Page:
Earlier this year, a study published in the Journal of Sex Research reported that gay men, on average, tend to be shorter than their heterosexual counterparts (click here to read a summary of the findings). This study had an important limitation, though, in that it wasn’t based on nationally representative data. Because all participants were either college students or attendees at an LGBT pride event, some concern was raised about how reliable the findings might be.
A new study that just appeared in the Archives of Sexual Behavior would appear to put this concern to rest. In it, the same group of researchers successfully replicated their height finding in a nationally representative sample of U.S. adults.
This time, they examined data from 14,786 participants who took part in the National Longitudinal Study of Adolescent Health (also known as Add Health). These data were collected in several waves between 1994 and 2008. At the beginning of the study, participants were 15.5 years old on average.
The data for this analysis came from the fourth wave of data collection, which occurred when participants were 28.4 years old on average. During this wave, participants self-reported their sexual orientation on a survey and had their height measured by a trained interviewer.
The researchers found that, after statistically controlling for race/ethnicity and education level, men who identified as exclusively gay were about 2 cm (approximately 0.8 inches) shorter than exclusively straight men. It’s worth noting that this difference was virtually identical to the difference found in the other study published earlier this year.
Bisexual men fell somewhere in between the gay and straight men, but didn’t differ significantly from either group. In addition, no statistically significant differences were found in height for women based on sexuality. These findings are also consistent with those that were reported in the earlier study.
So why might men’s height depend on their sexual orientation? The researchers tested whether nutrition (i.e., diet) and stress-related variables (e.g., experiences with victimization, lack of social support) could account for the observed height differences between gay and straight men; however, they didn’t find any support for these ideas. As such, the authors speculate that the more likely explanation involves differences in prenatal hormone exposure (learn more about this idea here).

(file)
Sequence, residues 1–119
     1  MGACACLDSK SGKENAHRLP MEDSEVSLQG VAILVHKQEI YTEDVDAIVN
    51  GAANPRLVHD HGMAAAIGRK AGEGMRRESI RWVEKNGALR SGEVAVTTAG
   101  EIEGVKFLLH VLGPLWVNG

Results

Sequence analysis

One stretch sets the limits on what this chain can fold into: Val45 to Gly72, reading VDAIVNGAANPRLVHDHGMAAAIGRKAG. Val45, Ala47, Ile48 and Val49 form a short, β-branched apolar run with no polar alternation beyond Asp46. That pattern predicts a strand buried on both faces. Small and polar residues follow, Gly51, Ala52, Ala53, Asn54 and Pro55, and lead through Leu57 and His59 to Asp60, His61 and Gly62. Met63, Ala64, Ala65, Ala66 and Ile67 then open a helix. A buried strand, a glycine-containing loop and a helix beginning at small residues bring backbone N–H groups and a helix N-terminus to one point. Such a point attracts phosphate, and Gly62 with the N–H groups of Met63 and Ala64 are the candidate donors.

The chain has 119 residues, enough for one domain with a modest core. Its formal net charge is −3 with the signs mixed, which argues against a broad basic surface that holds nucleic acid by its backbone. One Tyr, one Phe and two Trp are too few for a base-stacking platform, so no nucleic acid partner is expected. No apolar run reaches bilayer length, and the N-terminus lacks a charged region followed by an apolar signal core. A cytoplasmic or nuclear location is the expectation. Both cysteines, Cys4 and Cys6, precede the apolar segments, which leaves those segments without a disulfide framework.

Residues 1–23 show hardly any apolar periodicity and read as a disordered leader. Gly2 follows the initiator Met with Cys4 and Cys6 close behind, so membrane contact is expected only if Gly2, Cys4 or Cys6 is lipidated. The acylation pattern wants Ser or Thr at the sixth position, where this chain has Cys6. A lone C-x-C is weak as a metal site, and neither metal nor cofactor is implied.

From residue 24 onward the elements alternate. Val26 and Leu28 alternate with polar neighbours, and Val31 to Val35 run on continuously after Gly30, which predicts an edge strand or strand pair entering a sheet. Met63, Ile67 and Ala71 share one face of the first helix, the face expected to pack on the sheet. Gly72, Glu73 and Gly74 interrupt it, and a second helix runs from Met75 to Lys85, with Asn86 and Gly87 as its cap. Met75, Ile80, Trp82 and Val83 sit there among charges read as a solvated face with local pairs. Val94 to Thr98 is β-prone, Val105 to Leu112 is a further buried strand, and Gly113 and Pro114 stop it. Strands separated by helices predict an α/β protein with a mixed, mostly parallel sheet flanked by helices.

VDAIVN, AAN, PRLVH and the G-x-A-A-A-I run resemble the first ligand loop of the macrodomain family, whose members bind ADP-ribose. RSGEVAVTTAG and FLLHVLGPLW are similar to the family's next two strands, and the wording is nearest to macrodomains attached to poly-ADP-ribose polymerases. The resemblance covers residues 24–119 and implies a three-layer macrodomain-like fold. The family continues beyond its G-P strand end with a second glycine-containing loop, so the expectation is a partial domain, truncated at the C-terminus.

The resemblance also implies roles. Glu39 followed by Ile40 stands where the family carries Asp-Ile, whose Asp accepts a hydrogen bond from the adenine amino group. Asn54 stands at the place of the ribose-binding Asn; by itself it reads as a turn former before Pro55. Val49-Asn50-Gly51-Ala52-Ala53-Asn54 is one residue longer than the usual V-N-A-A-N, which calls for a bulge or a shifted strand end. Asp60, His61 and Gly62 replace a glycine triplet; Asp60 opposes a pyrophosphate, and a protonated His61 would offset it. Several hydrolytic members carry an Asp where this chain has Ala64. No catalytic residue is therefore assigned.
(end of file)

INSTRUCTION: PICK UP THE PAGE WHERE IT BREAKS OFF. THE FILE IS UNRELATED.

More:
Although these findings were obtained with a nationally representative sample and replicated previous research, they still have their limitations, including the fact that we cannot conclude cause-and-effect from them.
Moreover, it’s important to highlight that, while two studies have found a height difference on average, this is not to say that all heterosexual men are taller than all gay men. As always, there is a lot of individual variability, and a man’s height alone should therefore not be taken as an indicator of his sexuality.
Also, keep in mind that while you may personally know (or be) a tall gay man, this doesn’t necessarily invalidate these findings or the proposed theory behind them. Why? Because researchers believe that sexual orientation is something that is multi-determined and that there are likely multiple pathways to a given sexual orientation. Perhaps some causes are linked to shorter stature while others are not.
As always, more research is needed; however, these results provide further support for the idea that the development of male sexual orientation likely has a biological basis.
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To learn more about this research, see: Skorska, M. N., & Bogaert, A. F. (2016). Pubertal Stress and Nutrition and their Association with Sexual Orientation and Height in the Add Health Data. Archives of Sexual Behavior.
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